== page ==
I’m in a field about an hour outside of Bristol drinking spiced rum mixed with Asda own brand cola straight from the two-litre bottle. It’s drizzling, or it has been drizzling, or it’s about to drizzle, but there’s that vague haze in the air like the drizzle is, has and always will be there regardless, and it’s grey and stuff, and the clouds exist, and what have you. The rum is not mine. I have recently played Scrabble aboard a double-decker bus that is also a cafe and book exchange for about forty-five minutes with two gentlemen who feel younger than they probably are. One is ill and lacking in energy, but throws quips and jokes around with ease. The other seems full of energy in an almost desperate fashion, like this is his last chance to do something fun and exciting and stupid with his life before it all crumbles back to mediocrity. He is the one who offered the rum and a beer. Coors Light. I have never liked beer but I suppose now I’m getting used to it.
A friend and I are telling these new people our life stories. They seem far more taken with my friend, whose musical prowess easily beats mine, and who, unlike myself, doesn’t hide behind modesty for fear of appearing arrogant and then inevitably appears arrogant in other ways. I’m comfortable with this. I don’t have to answer any real questions, I don’t have to worry about being misunderstood or looking strange or annoying. It will annoy me later when people can’t remember my name at all, because “quiet” is not an attribute that makes a lasting impression, but I don’t know this yet, and have already forgotten their names anyway. We ask them for their stories. We discuss the festival. We say it is our first time. We ask about the silent disco, if the others are going, what was it like.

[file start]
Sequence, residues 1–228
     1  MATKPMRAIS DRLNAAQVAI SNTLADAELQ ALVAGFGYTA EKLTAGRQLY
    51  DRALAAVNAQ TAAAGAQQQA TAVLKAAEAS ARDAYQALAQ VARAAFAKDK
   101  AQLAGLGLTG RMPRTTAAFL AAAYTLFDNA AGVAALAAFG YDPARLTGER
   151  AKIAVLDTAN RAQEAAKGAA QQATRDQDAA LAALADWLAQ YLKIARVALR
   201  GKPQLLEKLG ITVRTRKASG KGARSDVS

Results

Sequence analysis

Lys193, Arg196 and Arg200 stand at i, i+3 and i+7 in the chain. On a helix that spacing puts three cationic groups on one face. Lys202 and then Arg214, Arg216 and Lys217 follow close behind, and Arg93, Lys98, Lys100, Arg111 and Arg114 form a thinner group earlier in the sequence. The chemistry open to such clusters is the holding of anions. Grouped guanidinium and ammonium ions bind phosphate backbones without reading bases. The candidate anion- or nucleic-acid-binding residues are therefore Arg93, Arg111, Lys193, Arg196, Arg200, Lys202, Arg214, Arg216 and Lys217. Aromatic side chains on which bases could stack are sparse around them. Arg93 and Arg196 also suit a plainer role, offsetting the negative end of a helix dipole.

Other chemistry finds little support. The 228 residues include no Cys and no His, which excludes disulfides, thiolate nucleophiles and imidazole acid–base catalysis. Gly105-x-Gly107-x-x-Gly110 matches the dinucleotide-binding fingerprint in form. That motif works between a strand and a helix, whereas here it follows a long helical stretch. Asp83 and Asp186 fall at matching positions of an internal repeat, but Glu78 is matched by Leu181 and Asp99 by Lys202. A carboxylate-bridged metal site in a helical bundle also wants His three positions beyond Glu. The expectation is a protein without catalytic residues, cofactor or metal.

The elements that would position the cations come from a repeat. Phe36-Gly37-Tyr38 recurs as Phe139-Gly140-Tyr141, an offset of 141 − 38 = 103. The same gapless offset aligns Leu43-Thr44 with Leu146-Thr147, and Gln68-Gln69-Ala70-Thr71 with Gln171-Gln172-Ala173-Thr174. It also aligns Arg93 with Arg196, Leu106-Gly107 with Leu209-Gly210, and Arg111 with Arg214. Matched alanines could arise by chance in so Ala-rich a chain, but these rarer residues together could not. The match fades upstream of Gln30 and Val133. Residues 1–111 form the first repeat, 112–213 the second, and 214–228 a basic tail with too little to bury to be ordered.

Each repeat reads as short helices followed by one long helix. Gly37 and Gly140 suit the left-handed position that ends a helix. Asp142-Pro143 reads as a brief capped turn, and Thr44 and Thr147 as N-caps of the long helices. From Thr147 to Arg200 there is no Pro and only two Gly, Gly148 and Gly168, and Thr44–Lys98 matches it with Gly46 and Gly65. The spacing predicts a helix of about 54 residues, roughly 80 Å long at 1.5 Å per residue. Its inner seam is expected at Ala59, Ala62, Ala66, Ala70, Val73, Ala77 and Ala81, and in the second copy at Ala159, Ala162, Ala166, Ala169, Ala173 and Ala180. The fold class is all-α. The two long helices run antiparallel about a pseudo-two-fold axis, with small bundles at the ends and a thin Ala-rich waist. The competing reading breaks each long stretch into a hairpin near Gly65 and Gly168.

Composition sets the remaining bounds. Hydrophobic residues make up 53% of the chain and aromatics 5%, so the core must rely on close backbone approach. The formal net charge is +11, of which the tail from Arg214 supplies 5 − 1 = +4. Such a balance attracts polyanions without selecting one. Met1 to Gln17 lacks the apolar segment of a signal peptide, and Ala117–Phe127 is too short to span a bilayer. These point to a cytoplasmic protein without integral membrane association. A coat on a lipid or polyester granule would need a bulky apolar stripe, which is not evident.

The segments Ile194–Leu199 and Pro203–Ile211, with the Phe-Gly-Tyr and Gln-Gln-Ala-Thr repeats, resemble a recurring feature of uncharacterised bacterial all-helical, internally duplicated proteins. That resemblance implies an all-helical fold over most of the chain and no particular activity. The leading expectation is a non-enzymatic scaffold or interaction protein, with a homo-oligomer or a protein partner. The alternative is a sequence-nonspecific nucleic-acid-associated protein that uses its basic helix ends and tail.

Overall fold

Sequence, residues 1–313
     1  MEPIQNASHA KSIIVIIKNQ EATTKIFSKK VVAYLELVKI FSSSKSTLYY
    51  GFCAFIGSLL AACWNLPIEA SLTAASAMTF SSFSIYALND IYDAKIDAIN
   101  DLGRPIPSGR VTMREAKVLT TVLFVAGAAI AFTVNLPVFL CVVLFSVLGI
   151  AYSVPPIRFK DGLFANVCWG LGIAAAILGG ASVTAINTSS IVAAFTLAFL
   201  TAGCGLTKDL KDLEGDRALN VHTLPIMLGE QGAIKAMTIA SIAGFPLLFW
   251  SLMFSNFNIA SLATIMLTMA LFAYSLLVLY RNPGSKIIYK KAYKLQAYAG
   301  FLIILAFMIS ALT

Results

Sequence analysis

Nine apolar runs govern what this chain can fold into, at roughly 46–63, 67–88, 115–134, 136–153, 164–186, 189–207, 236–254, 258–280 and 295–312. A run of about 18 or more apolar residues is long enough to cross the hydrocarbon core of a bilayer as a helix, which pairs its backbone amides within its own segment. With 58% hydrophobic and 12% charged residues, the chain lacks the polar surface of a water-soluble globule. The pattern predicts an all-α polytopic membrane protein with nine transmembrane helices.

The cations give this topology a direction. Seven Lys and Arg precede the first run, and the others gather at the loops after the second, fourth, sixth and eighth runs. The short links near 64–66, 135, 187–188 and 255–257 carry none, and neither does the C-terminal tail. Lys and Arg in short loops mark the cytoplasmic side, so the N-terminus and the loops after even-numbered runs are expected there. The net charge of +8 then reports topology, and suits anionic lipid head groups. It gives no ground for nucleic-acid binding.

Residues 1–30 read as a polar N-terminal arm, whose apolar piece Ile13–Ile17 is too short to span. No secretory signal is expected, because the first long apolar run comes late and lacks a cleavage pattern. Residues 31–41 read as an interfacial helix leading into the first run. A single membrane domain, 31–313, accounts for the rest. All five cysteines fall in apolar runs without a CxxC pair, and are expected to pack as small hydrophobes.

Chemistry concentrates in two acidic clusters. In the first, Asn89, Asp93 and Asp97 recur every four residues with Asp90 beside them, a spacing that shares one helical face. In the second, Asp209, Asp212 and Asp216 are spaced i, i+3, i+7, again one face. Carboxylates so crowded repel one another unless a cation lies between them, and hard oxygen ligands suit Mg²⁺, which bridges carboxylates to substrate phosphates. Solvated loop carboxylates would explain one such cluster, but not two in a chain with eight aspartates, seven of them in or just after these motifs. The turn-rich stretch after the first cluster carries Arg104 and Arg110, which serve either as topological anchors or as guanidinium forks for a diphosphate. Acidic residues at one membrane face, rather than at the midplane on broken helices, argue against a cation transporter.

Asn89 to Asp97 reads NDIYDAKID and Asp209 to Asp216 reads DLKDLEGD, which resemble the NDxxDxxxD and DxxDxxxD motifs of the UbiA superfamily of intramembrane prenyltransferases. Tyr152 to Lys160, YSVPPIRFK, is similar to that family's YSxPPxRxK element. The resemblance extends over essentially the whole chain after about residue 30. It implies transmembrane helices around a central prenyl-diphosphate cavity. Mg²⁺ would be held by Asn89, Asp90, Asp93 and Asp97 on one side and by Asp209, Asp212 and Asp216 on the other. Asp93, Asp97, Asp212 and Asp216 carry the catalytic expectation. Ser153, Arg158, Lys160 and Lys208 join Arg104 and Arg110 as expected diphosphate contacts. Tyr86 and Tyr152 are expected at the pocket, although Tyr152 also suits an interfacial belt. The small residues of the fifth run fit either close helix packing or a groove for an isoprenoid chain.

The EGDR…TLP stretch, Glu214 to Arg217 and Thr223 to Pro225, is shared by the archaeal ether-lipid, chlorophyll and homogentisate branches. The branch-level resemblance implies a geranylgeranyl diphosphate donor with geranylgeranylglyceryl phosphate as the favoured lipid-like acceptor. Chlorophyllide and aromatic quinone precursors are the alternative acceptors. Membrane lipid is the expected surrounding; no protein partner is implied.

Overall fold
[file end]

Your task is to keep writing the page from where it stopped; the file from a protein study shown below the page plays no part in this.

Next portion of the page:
The rum is passed. The silent disco? Oh it’s great, like, you look at everyone here and the bands playing, and you have all these obscure names and the genres and stuff, and these people who think they’re really cool, but as soon as Beyonce comes on over those headphones everyone knows the words, and they’re all singing along. It’s madness.
OH and there was the Mars Volta channel, that was weird.
Wait they had a channel specifically for The Mars Volta?
A grin. Oh yeah! They had two DJ’s and then just, like, this one channel that played The Mars Volta non-stop. It was crazy. All these people dancing to, like, Rihanna, and you’re just stood there watching and listening to The Mars Volta.
(The Mars Volta, for lack of a better explanation, are an experimental rock band, which really can only be heard to be understood.)
We laugh at the concept. Only at a math-rock festival. Of course there would be a Mars Volta channel.
Other people arrive, saying hello, being introduced. We discuss geography, determining who is the most Northern of the group, which is obviously me, it was pretty much always going to be me, and someone proclaims they have a pork pie, which they do, and that I should eat it because it’ll make me feel right at home, and I smile sardonically and eat it because I like free food and don’t mind being the butt of the joke. We talk about ages and university and subjects. We ask about the silent disco. Apparently there was a Mars Volta channel? Are they doing it again this year?
Someone pipes up that they had a chat with the guys selling the headphones, and apparently there might be, but there’s no official ruling yet. There’s a collective sense of disappointment, you can feel the air sink out of the group and into the atmosphere, which reacts and begins to drizzle (if it had not already been doing so). Oh and speaking of the silent disco, you should probably get your headphones now, they sell out fast. Oh ok. We set off.